Saturday

28th May 2022

Germany still backs new Russia gas pipeline

  • Merkel's new coalition expected to press ahead with Nord Stream 2 (Photo: nord-stream2.com)

The latest Russia-Ukraine gas dispute has not dampened Germany's enthusiasm to build a new pipeline from Russia.

The pipeline, Nord Stream 2, was a "purely commercial project", Steffen Seibert, chancellor Angela Merkel's spokesman, said in Berlin on Monday (5 March), according to the Reuters news agency.

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  • Ukraine's Poroshenko (l): 'Times of Russia's gas blackmail over' (Photo: consilium.europa.eu)

He urged Russia not to use Nord Stream 2 to cut off Ukraine in future.

It was "in the interest of Germany and Europe that Ukraine continues to play a role as a transit country for Russian gas," he said.

He also criticised Russia's handling of the gas dispute, saying it had "caused irritation" in Berlin, Brussels, and further afield.

Seibert spoke after Russia, last week, refused to sell gas to Ukraine in a commercial disagreement, recalling the winter of 2009, when some EU states who imported Russian gas via Ukraine faced blackouts.

The situation, nine years down the line, has changed.

Russia has invaded south and east Ukraine, where it continues to wage low-intensity war.

But Ukraine and EU states have built infrastructure to share Russian gas shipped to the EU via Germany and Poland, making it harder for Russia to exert pressure on Ukraine.

"Shipments from the EU, from Poland, Slovakia, and Hungary have increased ... the shortfall is covered in full," Ukrainian president Petro Poroshenko said on Saturday.

"The times of Russia's gas blackmail are over," he added.

Russia's energy minister, Alexander Novak, also told EU energy commissioner Maros Sefcovic on Monday that "transit of gas to EU member states [via Ukraine] is not endangered".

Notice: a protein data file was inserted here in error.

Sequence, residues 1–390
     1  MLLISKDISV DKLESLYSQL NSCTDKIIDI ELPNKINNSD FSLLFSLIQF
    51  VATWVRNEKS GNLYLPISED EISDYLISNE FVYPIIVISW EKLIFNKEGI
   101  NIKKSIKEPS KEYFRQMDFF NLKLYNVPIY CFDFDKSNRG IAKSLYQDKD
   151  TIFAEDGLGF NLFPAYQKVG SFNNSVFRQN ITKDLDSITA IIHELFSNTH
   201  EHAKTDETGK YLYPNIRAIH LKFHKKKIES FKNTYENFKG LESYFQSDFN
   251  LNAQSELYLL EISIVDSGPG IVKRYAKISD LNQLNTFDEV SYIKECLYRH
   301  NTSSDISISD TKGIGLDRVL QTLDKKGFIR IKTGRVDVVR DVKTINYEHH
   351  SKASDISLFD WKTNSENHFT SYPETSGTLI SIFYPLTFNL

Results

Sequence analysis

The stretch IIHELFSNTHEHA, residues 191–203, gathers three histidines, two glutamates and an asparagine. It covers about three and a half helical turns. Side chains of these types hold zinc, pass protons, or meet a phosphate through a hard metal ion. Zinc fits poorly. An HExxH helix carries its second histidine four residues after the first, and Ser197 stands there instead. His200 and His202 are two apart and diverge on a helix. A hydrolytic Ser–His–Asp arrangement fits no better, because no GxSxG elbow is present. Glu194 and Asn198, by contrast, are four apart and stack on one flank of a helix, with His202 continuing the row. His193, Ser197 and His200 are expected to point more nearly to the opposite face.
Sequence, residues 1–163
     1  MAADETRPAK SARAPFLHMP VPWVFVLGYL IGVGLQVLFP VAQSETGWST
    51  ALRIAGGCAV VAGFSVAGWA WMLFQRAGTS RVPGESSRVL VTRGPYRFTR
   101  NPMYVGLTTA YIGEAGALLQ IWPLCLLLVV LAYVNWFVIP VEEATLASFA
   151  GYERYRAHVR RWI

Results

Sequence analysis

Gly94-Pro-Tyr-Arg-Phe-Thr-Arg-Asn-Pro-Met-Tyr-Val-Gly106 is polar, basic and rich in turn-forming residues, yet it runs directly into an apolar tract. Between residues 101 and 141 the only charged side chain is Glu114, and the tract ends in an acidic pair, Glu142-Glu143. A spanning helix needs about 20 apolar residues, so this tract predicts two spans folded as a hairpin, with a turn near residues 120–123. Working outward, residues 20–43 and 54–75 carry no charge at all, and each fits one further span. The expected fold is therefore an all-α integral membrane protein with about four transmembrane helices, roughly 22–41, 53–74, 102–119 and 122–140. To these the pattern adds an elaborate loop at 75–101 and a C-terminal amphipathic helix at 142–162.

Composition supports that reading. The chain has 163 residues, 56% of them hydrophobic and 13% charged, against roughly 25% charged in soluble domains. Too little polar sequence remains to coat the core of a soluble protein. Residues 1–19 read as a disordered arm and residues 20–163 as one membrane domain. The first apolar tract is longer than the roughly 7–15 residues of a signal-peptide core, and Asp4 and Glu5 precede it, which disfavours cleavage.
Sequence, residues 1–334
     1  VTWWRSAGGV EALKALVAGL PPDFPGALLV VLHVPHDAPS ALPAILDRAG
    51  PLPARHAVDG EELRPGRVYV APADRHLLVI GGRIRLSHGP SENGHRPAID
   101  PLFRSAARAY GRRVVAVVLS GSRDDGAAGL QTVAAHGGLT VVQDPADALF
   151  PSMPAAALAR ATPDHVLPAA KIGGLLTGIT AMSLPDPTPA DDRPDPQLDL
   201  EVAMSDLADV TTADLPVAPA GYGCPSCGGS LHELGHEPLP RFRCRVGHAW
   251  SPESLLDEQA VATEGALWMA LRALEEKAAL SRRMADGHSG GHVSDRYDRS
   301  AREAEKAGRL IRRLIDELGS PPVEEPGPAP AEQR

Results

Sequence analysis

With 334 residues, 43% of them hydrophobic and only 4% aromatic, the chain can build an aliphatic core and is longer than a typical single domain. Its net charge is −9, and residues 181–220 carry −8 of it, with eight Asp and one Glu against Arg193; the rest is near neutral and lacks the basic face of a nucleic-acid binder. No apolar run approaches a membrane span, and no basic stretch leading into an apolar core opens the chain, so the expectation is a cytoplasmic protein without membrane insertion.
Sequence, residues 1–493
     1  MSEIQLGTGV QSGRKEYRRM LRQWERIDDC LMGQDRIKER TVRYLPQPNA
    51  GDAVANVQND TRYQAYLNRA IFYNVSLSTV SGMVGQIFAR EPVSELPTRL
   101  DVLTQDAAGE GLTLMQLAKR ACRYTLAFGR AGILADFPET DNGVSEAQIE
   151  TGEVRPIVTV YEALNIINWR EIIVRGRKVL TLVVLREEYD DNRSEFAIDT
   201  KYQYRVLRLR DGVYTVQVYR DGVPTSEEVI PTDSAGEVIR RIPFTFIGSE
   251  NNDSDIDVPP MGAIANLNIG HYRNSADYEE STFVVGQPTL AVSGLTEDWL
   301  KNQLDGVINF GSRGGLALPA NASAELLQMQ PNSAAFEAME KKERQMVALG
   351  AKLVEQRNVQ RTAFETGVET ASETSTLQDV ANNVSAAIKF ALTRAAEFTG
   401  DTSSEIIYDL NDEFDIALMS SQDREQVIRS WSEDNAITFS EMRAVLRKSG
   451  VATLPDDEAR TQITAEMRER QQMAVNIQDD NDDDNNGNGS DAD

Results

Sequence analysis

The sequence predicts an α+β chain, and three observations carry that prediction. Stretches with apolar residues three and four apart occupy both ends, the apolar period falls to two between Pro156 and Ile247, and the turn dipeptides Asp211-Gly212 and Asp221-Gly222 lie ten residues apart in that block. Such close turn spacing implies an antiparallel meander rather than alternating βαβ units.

He said the dispute could "take some time, [but] will not have immediate consequences on [EU] gas flows".

The situation arose after Russia refused to pay Ukraine a €2bn gas trade award granted by an arbitration tribunal in Stockholm.

It is unlikely to get out of hand, Stefan Meister, an expert at German think tank DGAP told EUobserver, because Russian leader Vladimir Putin had little to gain from escalation.

"They [the Russians] are finally earning money with the higher gas prices and the cold winter, which they really need. There are [Russian] elections and then the World soccer championship [in Russia] coming up. Putin doesn't need a substantial crisis with the EU at the moment," Meister said.

Critics of Nord Stream 2 have said that, if built, it would enable Russia to blackmail Ukraine and eastern EU states once again by concentrating supplies in one route to Germany.

"Gazprom … is not a gas company but a platform for Russian coercion. How much more evidence do German politicians need to cancel Nord Stream 2?," Anders Fogh Rsmussen, a Danish politician who used to be head of Nato and who now works as a consultant for Ukraine, said on Saturday.

DGAP's Meister said the latest Ukraine dispute would end up damaging confidence more in Ukraine than in Russia, no matter who was right, however.

"Everything stands for building Nord Stream 2, and the new/old Groko will support it," he said, referring to the new government coalition in Berlin.

"The situation in Ukraine will strengthen those groups [in Germany] who support Nord Stream 2 and Russia will use the argument that Ukraine made and makes problems and that we need Nord Stream 2," he said.

US warns on flare-up in Ukraine 'crisis'

Fighting in Ukraine escalated to "hellish" levels not seen since February amid warnings of a humanitarian catastrophe in the run-up to Christmas.

US yet to push on Nord Stream 2 sanctions

Washington would still like to block a planned gas pipeline between Russia and Germany but is not yet considering hitting companies involved in the project.

Commission grilled on RePowerEU €210bn pricetag

EU leaders unveiled a €210bn strategy aiming to cut Russian gas out of the European energy equation before 2027 and by two-thirds before the end of the year — but questions remain on how it is to be financed.

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